Now, to promote the development of more courtyard housing within Portland’s neighborhoods, the city is preparing to amend its zoning code to remove provisions that would pose barriers to the design and build of this type of housing. Without the code amendments, many of the design concepts put forth in the competition could not be built as proposed.
“Courtyard housing in Portland has deep roots,” said Nick Fish, the City’s Housing Commissioner, in a press release issued by the city. “We are rediscovering it because it satisfies so many of our sustainable development objectives. It is family-friendly, energy-efficient, and fits beautifully in our established neighborhoods. I hope these changes will pave the way for a new generation of homeowners.”
A formal “discussion draft” of proposed zoning code amendments is now available for review, and a Planning Commission hearing on the discussion draft is scheduled for August 25, 2009.
Item 36 – Greenway Water Quality Zone and Greenway Goal Exceptions
Problem Statement: The Greenway River Water Quality or “q” overlay was applied to all land adjacent to the Willamette River (with some exceptions) in 2002, to bring Portland into compliance with Title 3 of Metro’s Functional Plan. The q overlay is applied to land that already includes other overlay zones including greenway overlay zones. The greenway overlay zones are intended to implement State Goal 15, Willamette Greenway. However, the q-overlay requires a larger setback from the top of bank than the other greenway zones. In general, greenway setbacks limit development and the types of uses in accordance with State Goal 15. Development that is not river dependent often needs a greenway goal exception. However, since the q-overlay is not part of the state goal requirements, a goal exception should not be required if development that is not river dependent is proposed in the larger q-overlay setback area, but outside of the other greenway setback. The code needs clarification to ensure that a goal exception is not required in those situations.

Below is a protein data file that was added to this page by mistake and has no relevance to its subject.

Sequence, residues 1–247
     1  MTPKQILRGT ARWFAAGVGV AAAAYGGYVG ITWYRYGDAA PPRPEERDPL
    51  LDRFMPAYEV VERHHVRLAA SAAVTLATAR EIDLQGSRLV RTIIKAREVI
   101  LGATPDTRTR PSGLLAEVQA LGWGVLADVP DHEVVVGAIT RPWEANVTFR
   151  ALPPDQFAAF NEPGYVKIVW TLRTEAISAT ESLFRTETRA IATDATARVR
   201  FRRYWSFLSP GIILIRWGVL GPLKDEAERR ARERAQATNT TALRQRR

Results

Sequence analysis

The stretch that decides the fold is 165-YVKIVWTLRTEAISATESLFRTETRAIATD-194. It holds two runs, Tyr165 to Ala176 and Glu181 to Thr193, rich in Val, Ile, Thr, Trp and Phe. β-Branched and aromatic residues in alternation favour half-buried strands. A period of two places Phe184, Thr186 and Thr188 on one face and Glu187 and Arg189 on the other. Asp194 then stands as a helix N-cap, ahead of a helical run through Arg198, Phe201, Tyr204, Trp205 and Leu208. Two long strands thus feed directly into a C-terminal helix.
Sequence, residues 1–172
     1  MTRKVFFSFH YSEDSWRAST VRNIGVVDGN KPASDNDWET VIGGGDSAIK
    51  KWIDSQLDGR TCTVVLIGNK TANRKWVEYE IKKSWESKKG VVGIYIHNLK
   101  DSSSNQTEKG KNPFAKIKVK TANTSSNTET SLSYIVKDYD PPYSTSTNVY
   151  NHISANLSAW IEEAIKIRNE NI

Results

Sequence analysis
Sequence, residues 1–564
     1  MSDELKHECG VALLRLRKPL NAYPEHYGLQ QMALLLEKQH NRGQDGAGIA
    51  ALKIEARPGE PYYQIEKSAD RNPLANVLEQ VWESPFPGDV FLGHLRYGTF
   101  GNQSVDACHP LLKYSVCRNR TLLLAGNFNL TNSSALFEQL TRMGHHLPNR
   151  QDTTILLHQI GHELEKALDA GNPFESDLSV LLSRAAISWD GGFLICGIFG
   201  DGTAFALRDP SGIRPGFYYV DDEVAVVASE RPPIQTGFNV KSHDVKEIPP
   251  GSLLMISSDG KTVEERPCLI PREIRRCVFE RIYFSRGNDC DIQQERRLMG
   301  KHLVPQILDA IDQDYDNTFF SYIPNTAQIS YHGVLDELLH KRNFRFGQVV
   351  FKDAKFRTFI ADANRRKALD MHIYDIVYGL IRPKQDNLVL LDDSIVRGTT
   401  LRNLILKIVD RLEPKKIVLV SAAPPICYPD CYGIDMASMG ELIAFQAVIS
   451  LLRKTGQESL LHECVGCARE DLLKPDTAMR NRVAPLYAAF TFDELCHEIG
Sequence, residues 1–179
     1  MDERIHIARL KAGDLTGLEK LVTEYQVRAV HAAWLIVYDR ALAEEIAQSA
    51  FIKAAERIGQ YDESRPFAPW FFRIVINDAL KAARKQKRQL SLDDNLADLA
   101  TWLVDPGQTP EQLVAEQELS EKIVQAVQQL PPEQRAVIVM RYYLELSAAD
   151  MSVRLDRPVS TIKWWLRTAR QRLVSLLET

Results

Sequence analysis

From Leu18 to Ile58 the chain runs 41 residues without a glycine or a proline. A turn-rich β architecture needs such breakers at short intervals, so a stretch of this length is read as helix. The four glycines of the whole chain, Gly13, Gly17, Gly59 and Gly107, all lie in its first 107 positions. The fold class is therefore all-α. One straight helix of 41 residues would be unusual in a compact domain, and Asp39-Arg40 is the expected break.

Analysis: Although the amendment to correct this issue is a fairly simple code fix, the issue has already been included in discussions for the River Plan North Reach. Since this project is taking a more holistic approach to reviewing the regulations along the Willamette River, it makes sense to include this issue within the River Plan amendment rather than review it separately through Regulatory Improvement.
Item 25 – Alternative Driveway Paving Problem Statement
Problem Statement: The parking and loading chapter of the zoning code requires that driveways and parking areas be paved. It is not clear that alternatives to traditional paving materials, such as grasscrete, porous pavers, and pervious asphalt are allowed by the code.
Analysis: The zoning code requires that driveways and parking areas be paved. The actual construction of driveways and parking areas is governed by Title 24, the City’s Building Regulations Title. Title 24 allows alternatives like grasscrete and porous pavers to be used as alternatives to traditional asphalt and concrete paving.
Meanwhile, I look forward to seeing more courtyard housing in Portland. It's a way to encourage more design creativity while allowing more of a sense of community that will serve families and singles alike, while maintaining a scale that fits in with a surrounding fabric of single-family homes.